For while sheer ignorance lies on one extreme on the continuum of awareness-of-pain-and-not-as-it-should-be-ness in this world, on the other extreme is an uber-awareness that paralyzes.   When we look at all that is wrong in the world, at all the realities that require intervention--and the resources of time and money and people power that makes such intervention possible--it is easy to be overwhelmed.  Often to the point that we feel as though nothing can truly ever be done and so we therefore do nothing. We feel deeply, then we shut off and go on our way without doing anything to affect change. And that is another kind of ignorance.  Ignorance not of thought but of behaviour.  And it is also damaging and we must fight against this.

And, so, Jer and I left the IFC full of gratitude for an example of the change that can happen when we allow ourselves to face painful truths about what is not right and then take steps to allow God to help us be channels of His Peace.

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We were similarly affected after our visit to the Canadian Foodgrains Bank.  45% of the funds raised through this I Am Not My Own tour are earmarked for the Canadian Foodgrains Bank's work via World Renew in Nigeria (https://foodgrainsbank.ca).  And so we couldn't pass up the opportunity to visit the National Headquarters of this organization, housed right here in Winnipeg.  It was an eye-opening and inspiring visit!  We left there at the close of our time, again with a heightened awareness of all that is not right in this world combined with a deep gratitude for yet another example of an organization that is doing its part to do justice in a fallen, damaged world that yet belongs to God.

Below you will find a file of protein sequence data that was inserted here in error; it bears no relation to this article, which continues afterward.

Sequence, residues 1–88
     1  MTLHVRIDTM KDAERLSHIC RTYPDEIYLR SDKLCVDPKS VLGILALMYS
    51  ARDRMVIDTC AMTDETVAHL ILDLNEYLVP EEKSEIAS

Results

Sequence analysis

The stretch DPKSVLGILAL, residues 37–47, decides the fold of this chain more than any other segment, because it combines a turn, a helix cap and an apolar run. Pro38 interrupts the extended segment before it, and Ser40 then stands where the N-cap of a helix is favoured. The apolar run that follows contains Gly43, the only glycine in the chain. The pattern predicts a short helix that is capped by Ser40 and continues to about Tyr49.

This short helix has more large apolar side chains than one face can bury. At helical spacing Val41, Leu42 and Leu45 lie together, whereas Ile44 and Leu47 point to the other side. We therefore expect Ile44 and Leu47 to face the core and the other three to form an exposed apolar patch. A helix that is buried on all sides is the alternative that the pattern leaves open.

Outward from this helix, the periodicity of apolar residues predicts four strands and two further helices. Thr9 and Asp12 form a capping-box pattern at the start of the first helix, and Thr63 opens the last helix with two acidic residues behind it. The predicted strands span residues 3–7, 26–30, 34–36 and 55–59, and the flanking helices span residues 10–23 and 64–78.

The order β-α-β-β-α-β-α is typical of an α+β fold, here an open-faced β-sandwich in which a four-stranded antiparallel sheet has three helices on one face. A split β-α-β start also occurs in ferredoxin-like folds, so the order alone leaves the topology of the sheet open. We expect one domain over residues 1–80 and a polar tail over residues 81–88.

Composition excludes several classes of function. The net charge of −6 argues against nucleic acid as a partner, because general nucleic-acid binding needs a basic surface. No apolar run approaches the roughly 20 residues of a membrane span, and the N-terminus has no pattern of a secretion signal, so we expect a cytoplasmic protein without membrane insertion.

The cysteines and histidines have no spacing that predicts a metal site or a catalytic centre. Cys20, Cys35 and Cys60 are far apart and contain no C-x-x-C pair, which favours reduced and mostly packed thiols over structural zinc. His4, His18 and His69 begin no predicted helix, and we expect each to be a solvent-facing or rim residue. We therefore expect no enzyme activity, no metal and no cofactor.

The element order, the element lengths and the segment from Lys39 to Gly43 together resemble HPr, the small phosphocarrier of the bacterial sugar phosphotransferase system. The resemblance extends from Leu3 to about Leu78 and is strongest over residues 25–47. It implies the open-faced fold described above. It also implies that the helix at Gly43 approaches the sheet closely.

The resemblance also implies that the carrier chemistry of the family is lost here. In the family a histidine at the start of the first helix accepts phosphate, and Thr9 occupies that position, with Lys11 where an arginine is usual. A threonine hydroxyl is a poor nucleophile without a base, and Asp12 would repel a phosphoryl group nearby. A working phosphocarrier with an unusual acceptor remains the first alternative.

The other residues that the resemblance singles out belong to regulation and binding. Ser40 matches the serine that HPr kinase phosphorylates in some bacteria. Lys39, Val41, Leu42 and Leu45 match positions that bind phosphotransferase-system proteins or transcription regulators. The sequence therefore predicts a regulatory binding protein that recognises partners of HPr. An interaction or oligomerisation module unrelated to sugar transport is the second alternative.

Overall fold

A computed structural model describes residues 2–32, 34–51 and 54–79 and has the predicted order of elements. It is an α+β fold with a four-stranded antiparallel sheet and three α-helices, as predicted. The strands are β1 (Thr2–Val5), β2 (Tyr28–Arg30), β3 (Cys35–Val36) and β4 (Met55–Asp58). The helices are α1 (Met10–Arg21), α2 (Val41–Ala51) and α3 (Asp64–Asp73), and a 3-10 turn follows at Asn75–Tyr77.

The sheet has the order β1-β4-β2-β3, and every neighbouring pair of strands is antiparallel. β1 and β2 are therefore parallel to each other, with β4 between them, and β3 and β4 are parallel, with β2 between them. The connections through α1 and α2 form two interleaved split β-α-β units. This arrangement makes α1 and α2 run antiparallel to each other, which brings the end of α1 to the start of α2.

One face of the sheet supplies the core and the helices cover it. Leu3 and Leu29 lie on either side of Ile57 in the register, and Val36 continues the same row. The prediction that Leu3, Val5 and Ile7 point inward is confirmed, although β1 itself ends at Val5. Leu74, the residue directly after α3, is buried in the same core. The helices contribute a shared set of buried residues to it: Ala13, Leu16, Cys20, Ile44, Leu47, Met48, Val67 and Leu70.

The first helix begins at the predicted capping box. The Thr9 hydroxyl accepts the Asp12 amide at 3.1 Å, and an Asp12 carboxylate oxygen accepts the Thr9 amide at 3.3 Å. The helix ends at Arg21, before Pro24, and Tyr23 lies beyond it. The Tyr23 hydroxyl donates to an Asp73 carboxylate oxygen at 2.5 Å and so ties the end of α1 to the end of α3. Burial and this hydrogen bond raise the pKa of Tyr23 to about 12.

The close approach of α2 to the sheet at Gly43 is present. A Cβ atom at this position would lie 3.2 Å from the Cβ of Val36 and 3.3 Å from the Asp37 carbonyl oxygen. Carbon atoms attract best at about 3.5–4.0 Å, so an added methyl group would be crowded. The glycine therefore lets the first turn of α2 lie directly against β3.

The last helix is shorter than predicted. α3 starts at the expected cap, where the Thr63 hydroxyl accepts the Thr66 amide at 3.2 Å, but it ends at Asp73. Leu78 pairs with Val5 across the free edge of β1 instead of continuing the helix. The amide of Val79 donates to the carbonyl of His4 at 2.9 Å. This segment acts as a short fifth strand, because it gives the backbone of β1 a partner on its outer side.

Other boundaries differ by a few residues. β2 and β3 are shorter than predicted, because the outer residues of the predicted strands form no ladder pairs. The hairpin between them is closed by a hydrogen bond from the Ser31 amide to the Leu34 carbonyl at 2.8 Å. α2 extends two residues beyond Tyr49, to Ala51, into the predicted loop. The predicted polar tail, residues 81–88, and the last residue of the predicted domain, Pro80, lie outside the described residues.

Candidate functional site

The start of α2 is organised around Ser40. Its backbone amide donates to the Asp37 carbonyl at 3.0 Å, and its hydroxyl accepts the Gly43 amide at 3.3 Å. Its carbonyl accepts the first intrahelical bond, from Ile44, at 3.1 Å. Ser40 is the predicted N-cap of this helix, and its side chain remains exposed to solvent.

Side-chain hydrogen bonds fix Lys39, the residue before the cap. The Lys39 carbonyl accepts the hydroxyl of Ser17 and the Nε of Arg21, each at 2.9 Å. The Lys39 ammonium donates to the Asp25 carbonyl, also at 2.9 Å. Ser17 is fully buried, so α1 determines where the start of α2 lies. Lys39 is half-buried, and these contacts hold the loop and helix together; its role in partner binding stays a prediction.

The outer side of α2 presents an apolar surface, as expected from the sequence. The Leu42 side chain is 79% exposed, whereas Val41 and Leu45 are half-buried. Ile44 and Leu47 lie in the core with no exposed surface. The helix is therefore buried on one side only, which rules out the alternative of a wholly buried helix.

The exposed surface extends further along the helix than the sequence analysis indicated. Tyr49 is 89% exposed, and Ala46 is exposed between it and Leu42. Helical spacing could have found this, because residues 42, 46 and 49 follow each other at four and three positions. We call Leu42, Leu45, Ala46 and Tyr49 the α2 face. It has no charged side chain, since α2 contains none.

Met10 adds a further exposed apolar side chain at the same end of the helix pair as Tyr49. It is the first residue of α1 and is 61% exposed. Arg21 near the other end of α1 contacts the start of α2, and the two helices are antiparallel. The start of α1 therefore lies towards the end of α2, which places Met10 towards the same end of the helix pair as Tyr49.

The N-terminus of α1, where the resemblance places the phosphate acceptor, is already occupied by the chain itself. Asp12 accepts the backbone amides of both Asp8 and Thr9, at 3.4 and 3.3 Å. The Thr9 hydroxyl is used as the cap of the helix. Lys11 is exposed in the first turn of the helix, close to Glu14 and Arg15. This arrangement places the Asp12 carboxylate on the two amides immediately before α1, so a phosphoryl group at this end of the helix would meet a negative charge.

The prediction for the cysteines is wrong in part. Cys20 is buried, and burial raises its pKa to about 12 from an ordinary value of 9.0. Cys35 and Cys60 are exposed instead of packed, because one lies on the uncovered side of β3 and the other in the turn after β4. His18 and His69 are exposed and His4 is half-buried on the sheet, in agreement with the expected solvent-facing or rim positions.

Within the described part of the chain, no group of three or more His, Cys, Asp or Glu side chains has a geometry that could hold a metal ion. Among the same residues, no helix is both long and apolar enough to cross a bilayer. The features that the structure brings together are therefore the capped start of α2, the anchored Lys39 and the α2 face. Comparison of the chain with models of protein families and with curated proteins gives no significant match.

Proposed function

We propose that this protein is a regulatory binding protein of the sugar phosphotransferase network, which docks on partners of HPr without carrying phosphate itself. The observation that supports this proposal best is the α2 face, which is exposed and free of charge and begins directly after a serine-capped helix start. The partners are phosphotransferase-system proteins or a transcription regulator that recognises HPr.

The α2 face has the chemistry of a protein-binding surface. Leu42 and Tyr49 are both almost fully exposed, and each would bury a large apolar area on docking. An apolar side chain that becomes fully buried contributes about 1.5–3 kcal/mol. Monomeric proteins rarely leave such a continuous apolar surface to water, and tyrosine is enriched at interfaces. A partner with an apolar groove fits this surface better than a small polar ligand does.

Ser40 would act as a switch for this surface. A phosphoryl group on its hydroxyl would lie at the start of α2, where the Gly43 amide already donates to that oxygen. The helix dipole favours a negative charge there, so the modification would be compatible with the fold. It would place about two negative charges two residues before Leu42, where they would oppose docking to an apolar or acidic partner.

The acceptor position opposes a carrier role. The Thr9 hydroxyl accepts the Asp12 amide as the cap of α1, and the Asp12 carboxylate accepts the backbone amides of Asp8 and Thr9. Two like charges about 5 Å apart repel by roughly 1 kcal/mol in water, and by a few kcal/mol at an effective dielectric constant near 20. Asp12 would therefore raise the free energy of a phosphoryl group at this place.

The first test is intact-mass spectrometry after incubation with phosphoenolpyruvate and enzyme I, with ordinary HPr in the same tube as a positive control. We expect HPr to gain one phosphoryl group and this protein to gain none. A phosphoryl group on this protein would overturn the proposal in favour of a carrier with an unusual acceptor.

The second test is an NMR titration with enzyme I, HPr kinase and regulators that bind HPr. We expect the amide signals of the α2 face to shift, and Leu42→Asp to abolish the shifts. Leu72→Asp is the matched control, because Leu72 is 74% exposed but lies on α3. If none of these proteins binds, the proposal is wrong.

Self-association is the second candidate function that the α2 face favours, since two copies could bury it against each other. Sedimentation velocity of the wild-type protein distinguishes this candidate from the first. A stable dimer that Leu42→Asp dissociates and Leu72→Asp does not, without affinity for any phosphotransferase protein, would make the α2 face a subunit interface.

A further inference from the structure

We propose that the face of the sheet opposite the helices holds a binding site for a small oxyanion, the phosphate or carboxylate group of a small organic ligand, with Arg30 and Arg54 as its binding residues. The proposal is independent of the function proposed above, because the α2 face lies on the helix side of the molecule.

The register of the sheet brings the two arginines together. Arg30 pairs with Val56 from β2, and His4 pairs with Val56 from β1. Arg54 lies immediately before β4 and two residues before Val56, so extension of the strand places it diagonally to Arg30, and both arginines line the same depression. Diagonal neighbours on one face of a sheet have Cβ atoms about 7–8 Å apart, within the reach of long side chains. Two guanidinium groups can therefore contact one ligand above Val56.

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We want to take this time to thank Nathalie and Jim and Shaylyne and James and all the other Staff Members at both IFC and the Canadian Foodgrains Bank for hosting us and for taking the time to talk about your organizations and to learn about our mission through the I Am Not My Own Tour as well.  We thank God for you all and wish you His guidance and provision and peace as you continue to fulfill your mandates.

We would also like to thank the congregations of Covenant CRC and Transcona CRC for their warm welcome and support.  Special thanks to Amanda Matthews at Covenant CRC for being the point-person for both Saturday night's concert and Sunday morning's worship service. Over 300 more voices were recorded and over $4500 was raised here in Winnipeg. Thank you so very much!